Opinion | How technology saved the Chinese economy


The available studies are based on data from at least two years old and likely underestimate how quickly China is leaping into the developed world as a technological powerhouse. It has more than tripled research and development over the past decade for 440 billion dollars per year, more than in all of Europe. Today, nine of the world’s 20 largest internet companies are Chinese (with 10 from the United States and one from Canada).

The explosive growth of online banking is helping fuel a 20% annual growth in consumer lending and lagging behind from export manufacturing to domestic consumption as the main engine of economic growth. Created in 2015, Alibaba’s MYbank has grown loans to 16 million customers, including “3-1-0” microloans which require three minutes to apply, one second to approve and no human involved.

Automation kills jobs. In the Hema grocery stores, owned by Alibaba, little white robots work at the lunch counter instead of the waiters. Gym customers follow the steps on a giant video screen integrated into the floor, no trainer required. Shenzhen residents claim that the criminals were driven from the streets by surveillance cameras.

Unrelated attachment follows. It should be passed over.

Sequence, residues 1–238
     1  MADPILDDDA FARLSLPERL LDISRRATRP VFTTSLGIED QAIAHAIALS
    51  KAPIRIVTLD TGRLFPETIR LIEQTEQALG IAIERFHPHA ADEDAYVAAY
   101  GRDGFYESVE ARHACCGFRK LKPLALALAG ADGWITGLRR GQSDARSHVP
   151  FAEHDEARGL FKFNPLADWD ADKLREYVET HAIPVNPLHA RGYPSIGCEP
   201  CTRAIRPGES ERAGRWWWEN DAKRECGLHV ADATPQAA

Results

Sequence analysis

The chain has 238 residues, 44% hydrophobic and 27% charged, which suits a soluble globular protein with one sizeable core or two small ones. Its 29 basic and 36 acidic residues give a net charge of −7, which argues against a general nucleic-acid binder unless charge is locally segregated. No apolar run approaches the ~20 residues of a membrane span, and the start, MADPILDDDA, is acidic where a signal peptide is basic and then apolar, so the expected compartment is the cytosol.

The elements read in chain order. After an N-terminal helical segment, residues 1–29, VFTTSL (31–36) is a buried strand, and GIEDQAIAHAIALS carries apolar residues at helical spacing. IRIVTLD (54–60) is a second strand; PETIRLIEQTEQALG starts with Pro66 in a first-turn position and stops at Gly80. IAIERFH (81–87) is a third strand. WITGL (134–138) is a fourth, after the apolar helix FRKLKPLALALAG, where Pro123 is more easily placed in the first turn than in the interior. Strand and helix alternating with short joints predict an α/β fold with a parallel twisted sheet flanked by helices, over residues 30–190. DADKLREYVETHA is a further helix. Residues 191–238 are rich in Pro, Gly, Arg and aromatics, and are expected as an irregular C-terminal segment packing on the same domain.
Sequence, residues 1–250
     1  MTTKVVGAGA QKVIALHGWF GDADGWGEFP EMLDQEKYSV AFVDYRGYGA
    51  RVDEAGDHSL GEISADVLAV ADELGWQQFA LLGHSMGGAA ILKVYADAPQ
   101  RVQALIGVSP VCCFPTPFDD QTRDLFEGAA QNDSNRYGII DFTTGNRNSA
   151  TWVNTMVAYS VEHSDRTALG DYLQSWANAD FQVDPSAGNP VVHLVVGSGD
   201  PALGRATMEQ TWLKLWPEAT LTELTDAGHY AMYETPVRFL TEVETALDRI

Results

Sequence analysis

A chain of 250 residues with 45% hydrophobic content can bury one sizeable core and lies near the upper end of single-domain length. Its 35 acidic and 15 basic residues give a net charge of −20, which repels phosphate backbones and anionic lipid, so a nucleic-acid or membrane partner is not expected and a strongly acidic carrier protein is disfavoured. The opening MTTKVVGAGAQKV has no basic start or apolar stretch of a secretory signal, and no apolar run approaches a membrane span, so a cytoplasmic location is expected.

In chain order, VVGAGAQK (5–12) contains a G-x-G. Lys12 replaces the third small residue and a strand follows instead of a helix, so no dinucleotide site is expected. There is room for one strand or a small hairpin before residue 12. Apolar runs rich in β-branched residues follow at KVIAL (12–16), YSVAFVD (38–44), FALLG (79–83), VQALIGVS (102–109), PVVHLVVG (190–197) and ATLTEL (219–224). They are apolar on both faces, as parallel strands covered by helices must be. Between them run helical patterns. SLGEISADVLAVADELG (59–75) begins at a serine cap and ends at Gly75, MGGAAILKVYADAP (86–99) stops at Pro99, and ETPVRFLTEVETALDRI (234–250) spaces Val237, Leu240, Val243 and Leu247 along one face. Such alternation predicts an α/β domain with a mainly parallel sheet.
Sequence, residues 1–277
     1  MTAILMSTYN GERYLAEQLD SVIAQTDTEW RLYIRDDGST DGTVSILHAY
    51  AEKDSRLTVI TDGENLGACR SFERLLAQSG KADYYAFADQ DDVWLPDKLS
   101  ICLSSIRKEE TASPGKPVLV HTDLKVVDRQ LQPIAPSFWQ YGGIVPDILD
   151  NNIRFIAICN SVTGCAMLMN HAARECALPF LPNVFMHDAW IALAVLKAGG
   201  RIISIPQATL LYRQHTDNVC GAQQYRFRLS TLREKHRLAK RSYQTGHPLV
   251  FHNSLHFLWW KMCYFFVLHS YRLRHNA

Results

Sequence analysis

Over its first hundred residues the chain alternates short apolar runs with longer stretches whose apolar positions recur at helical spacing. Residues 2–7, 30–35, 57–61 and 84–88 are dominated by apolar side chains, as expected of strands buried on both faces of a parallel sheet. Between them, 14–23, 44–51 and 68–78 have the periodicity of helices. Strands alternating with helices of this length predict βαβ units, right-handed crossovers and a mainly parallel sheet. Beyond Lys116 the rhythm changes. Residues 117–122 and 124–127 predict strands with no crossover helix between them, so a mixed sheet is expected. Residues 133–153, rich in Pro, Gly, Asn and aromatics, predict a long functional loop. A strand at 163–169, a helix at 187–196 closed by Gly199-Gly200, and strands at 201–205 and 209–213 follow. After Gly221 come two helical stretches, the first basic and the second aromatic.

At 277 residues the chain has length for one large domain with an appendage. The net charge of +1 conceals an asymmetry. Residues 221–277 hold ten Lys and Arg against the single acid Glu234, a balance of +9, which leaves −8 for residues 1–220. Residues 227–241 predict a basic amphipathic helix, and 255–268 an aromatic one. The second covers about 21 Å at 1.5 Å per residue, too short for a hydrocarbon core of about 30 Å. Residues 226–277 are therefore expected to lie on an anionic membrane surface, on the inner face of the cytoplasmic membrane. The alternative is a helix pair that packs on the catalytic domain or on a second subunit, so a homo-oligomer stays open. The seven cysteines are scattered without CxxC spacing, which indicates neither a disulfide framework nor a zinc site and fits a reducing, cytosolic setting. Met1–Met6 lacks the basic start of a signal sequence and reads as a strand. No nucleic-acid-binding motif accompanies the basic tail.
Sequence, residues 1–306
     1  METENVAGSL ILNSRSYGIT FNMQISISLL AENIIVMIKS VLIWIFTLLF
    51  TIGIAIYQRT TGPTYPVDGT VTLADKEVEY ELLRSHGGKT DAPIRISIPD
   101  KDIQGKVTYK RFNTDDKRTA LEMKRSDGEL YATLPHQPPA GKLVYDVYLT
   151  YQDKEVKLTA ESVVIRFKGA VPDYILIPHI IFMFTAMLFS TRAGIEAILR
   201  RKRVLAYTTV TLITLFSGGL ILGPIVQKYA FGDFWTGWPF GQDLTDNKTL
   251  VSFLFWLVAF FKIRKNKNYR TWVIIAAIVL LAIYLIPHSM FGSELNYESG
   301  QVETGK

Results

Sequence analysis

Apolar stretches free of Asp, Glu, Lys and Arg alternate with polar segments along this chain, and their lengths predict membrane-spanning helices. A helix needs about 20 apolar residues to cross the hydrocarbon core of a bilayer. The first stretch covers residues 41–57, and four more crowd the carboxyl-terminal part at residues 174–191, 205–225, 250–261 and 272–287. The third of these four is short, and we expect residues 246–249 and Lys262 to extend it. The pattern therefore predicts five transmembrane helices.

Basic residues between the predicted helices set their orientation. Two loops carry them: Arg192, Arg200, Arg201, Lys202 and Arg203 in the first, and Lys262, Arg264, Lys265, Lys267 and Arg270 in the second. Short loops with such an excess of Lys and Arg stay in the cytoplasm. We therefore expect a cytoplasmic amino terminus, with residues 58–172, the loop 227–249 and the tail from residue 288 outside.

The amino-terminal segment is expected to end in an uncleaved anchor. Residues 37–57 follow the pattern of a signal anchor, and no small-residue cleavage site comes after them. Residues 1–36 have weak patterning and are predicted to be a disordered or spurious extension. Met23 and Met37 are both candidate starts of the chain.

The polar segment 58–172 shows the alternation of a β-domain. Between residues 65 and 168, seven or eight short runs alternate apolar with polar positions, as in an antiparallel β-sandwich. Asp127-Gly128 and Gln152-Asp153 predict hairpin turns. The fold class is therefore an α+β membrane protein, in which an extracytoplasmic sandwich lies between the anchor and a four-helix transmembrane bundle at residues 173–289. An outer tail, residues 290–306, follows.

Yet overall, technology is probably creating more professions than it destroys. A recent International Monetary Fund document estimates that after subtracting the jobs it sheds, digitization accounts for up to half of total job growth. Alibaba platforms alone are home to millions of small businesses, which over the past decade have created 30 million jobs – more than what China has lost in heavy industry.

China’s technological revolution was made possible by two of the forces that were to slow down the economy. The population may be aging, but it still provides a large market in which tech start-ups can thrive. And although growth normally slows down when countries reach middle class income, in China the new middle class provides the main customers for new mobile internet services.

No other country has this combination. India has the people, not the income. Brazil has the income, not the people. And these democratic societies are also much more wary of government surveillance than China. Witness the widespread controversy over the deployment of biometric identifiers in India.

In China, at least outside of Xinjiang, relatively moderate concern over personal data has helped fuel the boom in digital payments and e-commerce. China is by far the world’s largest e-commerce market, and fleets of motorcycles painted in the colors of online delivery companies park five to six rows outside malls and office towers.


About Ricardo Schulte

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